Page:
Author Article Nebraska Golf News


 “Confidence has to be the golfer’s single greatest weapon…” Jack Nicklaus

When we think of some of the greatest golfers who had the highest levels of confidence, Jack Nicklaus is certainly at the top of the list. But what is confidence? How does a golfer develop confidence? Does good golf give you confidence, or does having confidence lead to good golf? (Golf’s version of the chicken or the egg)

Let’s look at the word “confidence”. The word has its roots in Latin. Fidere – means “to trust”. Con- means ‘swindle’. When we put the two parts of the word together, confidence means we have to literally swindle our conscious mind to trust in our abilities to play the game and/or specific shots.

There are two kinds of confidence, personal confidence and performance confidence. Personal confidence is how we think of ourselves and how we perceive others think about us. Performance confidence is how we think and carry ourselves as golfers and execute shots. Both types of confidence are needed to play the game and enhance your enjoyment.

Personal confidence and performance confidence can be measured by a golfer’s learned skills and incorporates a strong belief in one’s ability to play the game. Confidence directly contributes to the quality and enjoyment of your play. Having confidence allows you to get the most out of your game no matter what your handicap is. It allows you to play without inhibitions and free of self-conscious thoughts of what others will think of you.

Golfers who exude confidence, no matter what their handicap is, have common traits that are observable. They play to their strengths and focus on only those things are actually under their control. Golf is 10% what happens to you and 90% how you react to what happens to you. You are in control of the 90%! When self-doubt tries to creep in, players with confidence refuse to let it keep them from committing to the shot. They focus on the processes of the next shot and let go of the outcomes and they let go of bad shots and move quickly into the present moment. They find every opportunity to acknowledge their own great and good enough shots and let go of bad shots.

To improve personal confidence and performance confidence, you can take a personal inventory of different areas of your game. Use the scale below to measure your present skill level.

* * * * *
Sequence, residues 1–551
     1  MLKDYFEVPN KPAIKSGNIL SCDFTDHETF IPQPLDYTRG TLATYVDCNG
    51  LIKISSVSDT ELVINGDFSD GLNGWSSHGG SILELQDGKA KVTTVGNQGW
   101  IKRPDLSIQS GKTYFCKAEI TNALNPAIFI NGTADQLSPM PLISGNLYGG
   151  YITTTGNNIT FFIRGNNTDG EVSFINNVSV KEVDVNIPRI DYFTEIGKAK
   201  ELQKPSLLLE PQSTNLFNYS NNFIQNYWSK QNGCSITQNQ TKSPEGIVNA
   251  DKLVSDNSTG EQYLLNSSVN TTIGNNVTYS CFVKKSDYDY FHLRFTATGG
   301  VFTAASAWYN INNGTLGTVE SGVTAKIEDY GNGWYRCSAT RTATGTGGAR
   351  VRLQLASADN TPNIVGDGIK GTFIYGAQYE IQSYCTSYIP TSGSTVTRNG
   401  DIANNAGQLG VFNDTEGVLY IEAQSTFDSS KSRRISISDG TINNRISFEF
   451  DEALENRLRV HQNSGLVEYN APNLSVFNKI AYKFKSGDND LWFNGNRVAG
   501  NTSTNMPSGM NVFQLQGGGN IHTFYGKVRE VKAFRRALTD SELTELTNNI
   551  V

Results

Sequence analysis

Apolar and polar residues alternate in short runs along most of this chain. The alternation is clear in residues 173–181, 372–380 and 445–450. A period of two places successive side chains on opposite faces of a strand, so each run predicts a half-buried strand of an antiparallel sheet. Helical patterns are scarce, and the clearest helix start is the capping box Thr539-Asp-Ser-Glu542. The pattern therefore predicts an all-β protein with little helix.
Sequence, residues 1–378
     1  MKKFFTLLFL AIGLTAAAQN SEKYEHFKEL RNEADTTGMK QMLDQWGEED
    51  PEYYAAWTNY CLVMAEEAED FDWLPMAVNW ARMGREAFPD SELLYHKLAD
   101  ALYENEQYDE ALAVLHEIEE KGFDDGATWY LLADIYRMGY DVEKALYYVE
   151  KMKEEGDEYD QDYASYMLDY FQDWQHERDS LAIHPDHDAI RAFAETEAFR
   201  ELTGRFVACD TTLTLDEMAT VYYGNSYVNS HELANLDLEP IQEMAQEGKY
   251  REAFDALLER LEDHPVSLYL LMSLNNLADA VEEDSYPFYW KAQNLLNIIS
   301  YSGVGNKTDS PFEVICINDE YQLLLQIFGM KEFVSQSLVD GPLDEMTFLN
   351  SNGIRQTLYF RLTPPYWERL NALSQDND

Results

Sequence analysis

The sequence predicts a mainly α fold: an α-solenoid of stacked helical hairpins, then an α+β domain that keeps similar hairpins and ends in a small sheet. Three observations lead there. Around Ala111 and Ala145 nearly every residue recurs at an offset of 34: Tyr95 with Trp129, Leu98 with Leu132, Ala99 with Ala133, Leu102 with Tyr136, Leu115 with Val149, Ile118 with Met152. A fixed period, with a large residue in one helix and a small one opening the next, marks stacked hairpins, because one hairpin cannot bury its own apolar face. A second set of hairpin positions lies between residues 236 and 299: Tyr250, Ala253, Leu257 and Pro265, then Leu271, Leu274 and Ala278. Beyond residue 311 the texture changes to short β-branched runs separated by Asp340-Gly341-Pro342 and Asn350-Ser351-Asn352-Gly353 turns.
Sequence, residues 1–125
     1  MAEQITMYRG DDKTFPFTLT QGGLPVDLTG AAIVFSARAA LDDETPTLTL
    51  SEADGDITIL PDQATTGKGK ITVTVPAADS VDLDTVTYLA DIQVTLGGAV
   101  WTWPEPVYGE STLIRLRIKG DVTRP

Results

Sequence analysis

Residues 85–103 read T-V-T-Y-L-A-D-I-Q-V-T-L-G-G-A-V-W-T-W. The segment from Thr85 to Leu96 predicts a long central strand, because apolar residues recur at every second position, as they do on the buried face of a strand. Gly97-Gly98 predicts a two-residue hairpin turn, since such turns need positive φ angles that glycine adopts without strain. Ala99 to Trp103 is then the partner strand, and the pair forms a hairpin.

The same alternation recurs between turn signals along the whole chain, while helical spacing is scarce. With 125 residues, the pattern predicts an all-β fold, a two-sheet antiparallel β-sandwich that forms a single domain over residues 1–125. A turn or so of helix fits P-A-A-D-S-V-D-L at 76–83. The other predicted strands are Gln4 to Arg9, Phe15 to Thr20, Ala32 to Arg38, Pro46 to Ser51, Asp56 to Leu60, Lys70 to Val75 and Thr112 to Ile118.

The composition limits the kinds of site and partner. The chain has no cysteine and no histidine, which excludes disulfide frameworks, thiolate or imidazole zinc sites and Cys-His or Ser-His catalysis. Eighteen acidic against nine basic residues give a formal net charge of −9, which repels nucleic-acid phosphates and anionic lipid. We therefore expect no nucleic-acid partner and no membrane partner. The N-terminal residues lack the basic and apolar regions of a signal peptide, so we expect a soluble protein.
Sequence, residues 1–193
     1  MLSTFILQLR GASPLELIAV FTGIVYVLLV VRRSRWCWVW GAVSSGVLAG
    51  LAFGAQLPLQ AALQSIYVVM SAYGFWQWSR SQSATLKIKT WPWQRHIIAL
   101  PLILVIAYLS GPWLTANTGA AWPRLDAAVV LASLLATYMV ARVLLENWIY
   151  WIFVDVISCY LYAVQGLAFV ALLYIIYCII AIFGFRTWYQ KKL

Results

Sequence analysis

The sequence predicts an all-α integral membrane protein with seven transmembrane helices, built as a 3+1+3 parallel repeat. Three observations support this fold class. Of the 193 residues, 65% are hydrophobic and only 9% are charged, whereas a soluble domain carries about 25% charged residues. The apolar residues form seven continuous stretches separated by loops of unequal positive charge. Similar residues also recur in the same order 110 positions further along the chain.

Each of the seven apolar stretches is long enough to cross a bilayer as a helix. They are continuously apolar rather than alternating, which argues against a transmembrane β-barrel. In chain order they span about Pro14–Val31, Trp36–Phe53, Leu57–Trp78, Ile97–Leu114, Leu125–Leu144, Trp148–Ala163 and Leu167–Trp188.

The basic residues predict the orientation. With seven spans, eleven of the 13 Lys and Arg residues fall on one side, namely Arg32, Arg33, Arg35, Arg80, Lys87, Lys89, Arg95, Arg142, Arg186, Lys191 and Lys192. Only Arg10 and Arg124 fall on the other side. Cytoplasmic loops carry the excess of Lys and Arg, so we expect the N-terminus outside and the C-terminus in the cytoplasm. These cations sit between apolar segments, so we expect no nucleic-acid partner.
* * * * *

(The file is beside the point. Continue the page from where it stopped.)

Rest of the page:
Personal Confidence

Low Confidence                                                                                                                                        High Confidence

1                         2               3               4               5               6               7               8                9                  10



Accepts compliments

Values own qualities

Positive Self-talk

Accepts mistakes

Belief in Self

Control of Emotions

Emotional Resilience


Performance Confidence

Low Confidence                                                                                                                                        High Confidence

1                         2               3               4               5               6               7               8                9                  10



Fairway Metals

Hybrids/Long Irons


Short Irons



Bunker shots



If you could improve the skill level of anything you marked a 5 or below, what would that do to your confidence on the course? Sometimes lack of confidence in an area is simply a lack of competence. If you have no idea how to hit a certain shot, how could you possibly stand over the ball with confidence and commitment?

One technique I coach my players to implement during practice and tournaments is “Fake it ‘Til You Make It”. I ask the team members to think of the tour player they most admire and walk, talk and imitate that player. Pretend to have the attitude of confidence that their favorite player displays to the world. If you fully commit to try this technique, for even one entire hole, you will feel different, your confidence will begin to emulate that of the tour player you admire. You will begin to let go of outcomes, you will let go of “what will they think of me” and that’s where the magic begins to happen.

This article was inspired by the book, “8 Traits of a Champion,” by Dr. Deborah Graham